Resetting Atomic Clocks - Submarine QOTW
Casual / Automatic Reset
The government's primary Atomic Clock NIST-F1 is located in Boulder, Colorado. NIST-F1 keeps time which neither gains or loses a second in more than 100 million years. The National Institute of Standards and Technology (NIST) transmits its time to the International Bureau of Weights and Measures in Paris, France. The Bureau averages the time scales from NIST-F1 and similar standards in other major nations, and calculates an average known as the Coordinated Universal Time (UTC). NIST transmits the UTC time scale via radio (e.g. station WWVB) for government, industrial and consumers. Related clocks, watches and measuring devices are programmed to interpret and calibrate to such UTC transmissions. As long as your device(s) can receive the proper radio signal, it can update exactly to your selected time zone.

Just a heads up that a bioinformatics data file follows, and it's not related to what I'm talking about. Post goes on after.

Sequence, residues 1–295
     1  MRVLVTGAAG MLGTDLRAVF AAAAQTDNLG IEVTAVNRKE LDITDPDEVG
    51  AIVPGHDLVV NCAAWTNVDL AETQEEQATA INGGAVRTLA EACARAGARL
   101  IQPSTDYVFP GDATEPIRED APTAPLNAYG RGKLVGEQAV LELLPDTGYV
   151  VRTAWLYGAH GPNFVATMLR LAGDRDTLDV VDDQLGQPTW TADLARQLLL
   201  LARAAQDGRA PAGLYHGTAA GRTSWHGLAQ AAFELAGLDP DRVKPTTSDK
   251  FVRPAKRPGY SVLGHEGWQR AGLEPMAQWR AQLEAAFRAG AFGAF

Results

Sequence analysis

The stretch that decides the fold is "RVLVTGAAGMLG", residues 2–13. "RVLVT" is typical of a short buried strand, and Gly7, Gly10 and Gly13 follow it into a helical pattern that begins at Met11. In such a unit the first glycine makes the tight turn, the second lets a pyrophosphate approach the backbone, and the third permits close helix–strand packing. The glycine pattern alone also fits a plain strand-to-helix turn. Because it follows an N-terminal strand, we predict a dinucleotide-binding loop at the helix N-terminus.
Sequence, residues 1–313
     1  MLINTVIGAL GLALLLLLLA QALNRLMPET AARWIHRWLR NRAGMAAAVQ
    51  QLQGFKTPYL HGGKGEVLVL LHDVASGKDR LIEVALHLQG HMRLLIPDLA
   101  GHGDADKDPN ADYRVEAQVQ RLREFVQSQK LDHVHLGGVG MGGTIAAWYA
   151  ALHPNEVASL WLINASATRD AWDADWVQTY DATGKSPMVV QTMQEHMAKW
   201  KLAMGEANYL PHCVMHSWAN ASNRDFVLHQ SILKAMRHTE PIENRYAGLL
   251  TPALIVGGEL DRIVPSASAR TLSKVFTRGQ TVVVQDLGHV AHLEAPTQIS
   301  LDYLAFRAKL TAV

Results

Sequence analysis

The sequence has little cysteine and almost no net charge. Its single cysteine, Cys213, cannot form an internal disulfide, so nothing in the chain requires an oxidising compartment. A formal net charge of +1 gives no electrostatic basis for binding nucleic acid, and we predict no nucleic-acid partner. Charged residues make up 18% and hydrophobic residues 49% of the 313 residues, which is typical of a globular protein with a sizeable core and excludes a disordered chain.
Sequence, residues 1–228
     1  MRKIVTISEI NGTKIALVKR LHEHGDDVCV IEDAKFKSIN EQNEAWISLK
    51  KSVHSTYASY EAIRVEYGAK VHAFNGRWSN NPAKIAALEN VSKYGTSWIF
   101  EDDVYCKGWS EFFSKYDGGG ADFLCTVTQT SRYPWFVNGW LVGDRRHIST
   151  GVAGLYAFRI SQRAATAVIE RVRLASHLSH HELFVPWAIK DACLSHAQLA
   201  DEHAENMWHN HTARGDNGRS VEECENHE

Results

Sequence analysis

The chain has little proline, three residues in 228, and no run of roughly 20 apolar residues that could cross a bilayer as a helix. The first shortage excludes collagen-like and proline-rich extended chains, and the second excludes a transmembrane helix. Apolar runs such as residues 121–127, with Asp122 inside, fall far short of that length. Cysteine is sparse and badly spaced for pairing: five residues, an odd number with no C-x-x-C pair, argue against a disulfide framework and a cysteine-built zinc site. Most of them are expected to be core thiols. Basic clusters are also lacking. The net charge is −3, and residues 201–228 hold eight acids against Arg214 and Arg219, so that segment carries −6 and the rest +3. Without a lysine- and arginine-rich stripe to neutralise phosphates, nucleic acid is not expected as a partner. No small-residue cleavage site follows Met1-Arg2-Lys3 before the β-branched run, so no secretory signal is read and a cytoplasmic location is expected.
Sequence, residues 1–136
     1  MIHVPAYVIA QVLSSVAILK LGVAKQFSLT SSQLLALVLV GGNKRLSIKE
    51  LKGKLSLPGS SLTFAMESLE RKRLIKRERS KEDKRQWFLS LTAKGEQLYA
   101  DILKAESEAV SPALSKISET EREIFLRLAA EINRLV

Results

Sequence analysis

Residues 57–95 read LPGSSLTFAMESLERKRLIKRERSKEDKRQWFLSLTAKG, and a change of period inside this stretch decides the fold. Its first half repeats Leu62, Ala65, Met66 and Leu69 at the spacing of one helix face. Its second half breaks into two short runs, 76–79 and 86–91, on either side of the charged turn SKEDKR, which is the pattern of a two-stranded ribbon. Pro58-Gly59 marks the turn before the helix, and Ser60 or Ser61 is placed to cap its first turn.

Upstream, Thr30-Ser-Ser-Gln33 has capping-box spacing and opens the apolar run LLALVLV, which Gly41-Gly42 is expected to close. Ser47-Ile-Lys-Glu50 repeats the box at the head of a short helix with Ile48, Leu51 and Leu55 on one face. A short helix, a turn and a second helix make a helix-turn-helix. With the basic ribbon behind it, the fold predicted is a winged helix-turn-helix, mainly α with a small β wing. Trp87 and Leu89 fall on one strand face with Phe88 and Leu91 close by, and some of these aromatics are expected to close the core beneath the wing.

Political /Manual Reset
New START (for Strategic Arms Reduction Treaty) replaced the Treaty of Moscow (SORT), which was due to expire in December 2012. In terms of name, it is a follow-up to the START I treaty, which expired in December 2009, the proposed START II treaty, which never entered into force, and the START III treaty, for which negotiations were never concluded.
The U.S. and Russia are considering further nuclear arms reductions. Specifically, some Russians see advantages to GIDT2A (guaranteed irreparable damage to any aggressor).
The lateest treaty places no limits on tactical systems, such as the Lockheed Martin F-35 Lightning II.
Originally, the doomsday clock represented threat of global nuclear war; since 2007, however, it has been further politicized to reflect subjective climate-change and other frightful biological attempts to cow (extortion) the public toward paying higher taxes to prevent potentially irrevocable harm.
Submarine Question of the Week:
Who is the manufacturer of most of the U.S. Naval Observatory's atomic clocks?
ANSWER: Sunday, 29 JAN 2012 (subject to any interference from this)
Submarines are always silent and strange.